Overseeding lawn Southern Oregon

Asked May 11, 2015, 5:45 PM EDT

My lawn is full of weeds so my neighbor sprayed weed killer on it. I want to overseed and know I need to mow short , seed and take a bit in also apply compost or topsoil. Should I also apply fertilizer? I just put Scott's weed & feed on last week. I don't want to waste money & time. But neighbor says ok to overseed now. I thought was a fall process. Please help Thank you

Josephine County Oregon lawns and turf horticulture

3 Responses


Your question is a bit confusing to interpret because you say your neighbor sprayed your weeds and then you say you also put weed and feed on it. Then you ask whether you should fertilize.

Before I answer your question about seeding, I would like to help you understand the products you are using. First, weed and feed is a combination of a fertilizer and a herbicide. If your neighbor sprayed your lawn to kill the weeds, he also applied a herbicide. If these are the correct facts, you have made two herbicide applications. Making two herbicide applications is not necessarily a bad thing if you apply them correctly with the correct interval between applications. However, I would caution you to be careful with lawn herbicides including weed and feed because they can damage or even kill your lawn if the rate gets too high. Generally, you need to wait at least 2 weeks for a second application. Some labels now require waiting 4 weeks before a second application.

As a side note, weed and feed products have done a poor job of killing weeds in my trials. They usually kill only about 50% of the weeds with one application. A better approach is to hire a licensed pesticide applicator and have them make 2 spray applications 2 to 4 weeks apart. If done correctly, this will kill 99% to 100% of your weeds and you will not have to apply weed and feed every year. If your lawn is mowed regularly, fertilized 2 - 4 times per year (one way to remember when is to think the "Holiday Plan" - Memorial Day, July 4th, Labor Day, and Thanksgiving) and watered in the summer, you will have very few weeds encroach because you will have a dense, healthy lawn with no place for weeds to get started.

Since you have already applied a fertilizer as part of your weed and feed, you likely will not need another fertilizer application for at least another month. If your grass is dense and green, you do not need to apply fertilizer. If you lawn starts losing color or getting thin, then it is time to make another application.

As far as over seeding goes, spring (April 15th - June 15th) is a good time assuming you are going to irrigate your lawn in the summer. Make sure you rake the spots before you over seed to get good soil to seed contact. If the area is too big to rake by hand, you can rent a dethatcher to do the same thing. Dethatching will not hurt your existing lawn as long as you do not over do it. Once you over seed, you need to keep the surface consistently moist for 7 - 10 days. You may have to water for 5 minutes 4 times a day if it is hot. As far as what seed to use, stay away from anything that says "annual ryegrass" or "Italian ryegrass" as this grass will only live for 1 year and then die. I would recommend perennial ryegrass or perennial ryegrass mixed with fine fescue. It's also o.k. if it has some Kentucky bluegrass in the mix. Generally, any named variety will do just fine, except 'Linn' Perennial ryegrass.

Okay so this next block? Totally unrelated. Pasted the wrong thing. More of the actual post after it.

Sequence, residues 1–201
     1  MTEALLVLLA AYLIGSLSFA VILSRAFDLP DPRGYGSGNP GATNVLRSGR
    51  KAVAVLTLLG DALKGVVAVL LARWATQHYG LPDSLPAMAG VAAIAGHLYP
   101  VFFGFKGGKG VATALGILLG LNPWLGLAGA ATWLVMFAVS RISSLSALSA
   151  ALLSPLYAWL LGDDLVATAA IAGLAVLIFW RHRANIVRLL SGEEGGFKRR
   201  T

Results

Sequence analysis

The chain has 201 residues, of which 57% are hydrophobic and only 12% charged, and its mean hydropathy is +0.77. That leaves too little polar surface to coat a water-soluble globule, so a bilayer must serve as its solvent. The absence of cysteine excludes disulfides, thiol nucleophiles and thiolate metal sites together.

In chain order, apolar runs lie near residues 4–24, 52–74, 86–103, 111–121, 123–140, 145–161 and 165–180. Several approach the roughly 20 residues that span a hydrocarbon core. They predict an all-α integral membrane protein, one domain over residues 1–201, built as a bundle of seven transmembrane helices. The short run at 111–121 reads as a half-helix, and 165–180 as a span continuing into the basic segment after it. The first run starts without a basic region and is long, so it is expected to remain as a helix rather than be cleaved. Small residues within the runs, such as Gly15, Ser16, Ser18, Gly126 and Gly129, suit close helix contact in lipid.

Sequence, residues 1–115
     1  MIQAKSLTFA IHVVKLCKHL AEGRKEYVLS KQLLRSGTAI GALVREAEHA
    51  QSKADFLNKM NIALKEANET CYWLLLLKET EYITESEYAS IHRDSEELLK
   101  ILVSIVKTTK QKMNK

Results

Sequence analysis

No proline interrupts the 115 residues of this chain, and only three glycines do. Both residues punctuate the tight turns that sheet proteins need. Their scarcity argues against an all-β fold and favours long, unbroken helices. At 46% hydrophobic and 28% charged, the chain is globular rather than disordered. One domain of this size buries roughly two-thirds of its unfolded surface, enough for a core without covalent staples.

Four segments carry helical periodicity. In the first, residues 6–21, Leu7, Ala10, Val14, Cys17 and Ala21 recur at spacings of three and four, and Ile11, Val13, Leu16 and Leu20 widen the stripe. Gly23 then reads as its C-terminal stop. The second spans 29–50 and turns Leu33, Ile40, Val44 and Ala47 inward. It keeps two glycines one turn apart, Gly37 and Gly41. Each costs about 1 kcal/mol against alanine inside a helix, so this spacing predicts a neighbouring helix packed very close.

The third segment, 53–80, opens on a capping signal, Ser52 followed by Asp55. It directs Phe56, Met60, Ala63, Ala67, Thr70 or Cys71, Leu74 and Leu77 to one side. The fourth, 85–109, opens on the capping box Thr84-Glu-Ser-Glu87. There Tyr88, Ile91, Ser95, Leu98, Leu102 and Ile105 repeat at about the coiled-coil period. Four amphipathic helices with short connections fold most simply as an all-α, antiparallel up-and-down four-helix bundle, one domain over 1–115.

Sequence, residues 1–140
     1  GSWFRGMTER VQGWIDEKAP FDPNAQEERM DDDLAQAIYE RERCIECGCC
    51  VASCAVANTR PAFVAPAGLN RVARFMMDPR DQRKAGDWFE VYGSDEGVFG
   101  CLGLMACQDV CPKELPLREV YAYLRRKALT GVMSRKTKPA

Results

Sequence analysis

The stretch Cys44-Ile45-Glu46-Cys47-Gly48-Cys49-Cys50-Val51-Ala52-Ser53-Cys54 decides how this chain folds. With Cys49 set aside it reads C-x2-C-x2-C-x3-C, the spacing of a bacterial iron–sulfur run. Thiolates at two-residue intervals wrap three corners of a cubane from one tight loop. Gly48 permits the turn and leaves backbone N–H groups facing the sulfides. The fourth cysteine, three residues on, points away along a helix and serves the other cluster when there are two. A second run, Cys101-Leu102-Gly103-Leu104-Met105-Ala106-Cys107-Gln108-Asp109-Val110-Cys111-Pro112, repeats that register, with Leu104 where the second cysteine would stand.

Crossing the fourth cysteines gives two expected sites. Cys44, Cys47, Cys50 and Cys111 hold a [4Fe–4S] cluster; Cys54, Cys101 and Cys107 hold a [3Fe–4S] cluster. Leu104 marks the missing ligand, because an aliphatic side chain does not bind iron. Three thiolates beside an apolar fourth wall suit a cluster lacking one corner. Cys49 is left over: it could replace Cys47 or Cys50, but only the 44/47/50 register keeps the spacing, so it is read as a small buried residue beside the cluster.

After about 8 weeks, you can begin watering every 2 or 3 days, which is the best interval for a healthy lawn in spite what the water purveyors say ("once per week"). If you want to water once per week, that is fine but your lawn will not be as nice.

Do not apply compost, it is a waste of time and money. Compost does have nitrogen in it and will green up your lawn if you apply a thick coating, but you can green up your lawn much easier with fertilizer. Only apply soil if you need to smooth out the low spots.

Good Luck.

Thank you. Yes it was a bit confusing but you answered my question "). One more thing, do I need to 'scalp' the lawn prior to overseeding? I'm sure you would have mentioned it if I do. Meaning now super short. I appreciate your response.


You need to mow the lawn short enough so the seed will fall to the soil and not get hung up on the leaves. If you dethatch the lawn first, it should thin the lawn out quite a bit and leave an open canopy for the seed to fall through. Also, if you apply the seed when the grass is dry, you can hand rake the grass after seeding using a big plastic leaf rake and the seed will fall to the soil.

It is a judgement call how low you need to go, but you can tell by looking at the lawn. After dethatching, I would mow it at 2 inches with a bagging mower to remove the debris that was not removed from hand raking. It will do a better job picking up the debris if you mow it twice. Look at it after mowing and see if there are gaps for the seed to fall through. If you don't think it is good enough, you can work the height down from there. Mowing lower will definitely give more gaps, but it will likely not be much additional benefit to go below 3/4". Your mower may not go this low anyway. If you have been mowing infrequently, or really high 3+ to 4", I would error on the side of keeping the mowing height higher - say 1.5" at the lowest before seeding.

If you do dethatch it heavily and mow it down, you should apply twice the normal rate of fertilizer (2 lbs of nitrogen per 1,000 sq. ft.) and water it in so the grass can recover. Otherwise, apply only 1 lb of nitrogen per 1,000 sq. ft. To figure out how much fertilizer to apply to get 2 lbs of nitrogen, divide 2 by the nitrogen percentage on the bag. The nitrogen percentage is the first of 3 numbers on the bag shown as "25-3-15", for example. So, in this example, take 2 and divide by 0.25, which equal 4 lbs of fertilizer per 1,000 sq. ft.to give you 2 lbs of nitrogen per 1,000 sq. ft.

Good luck.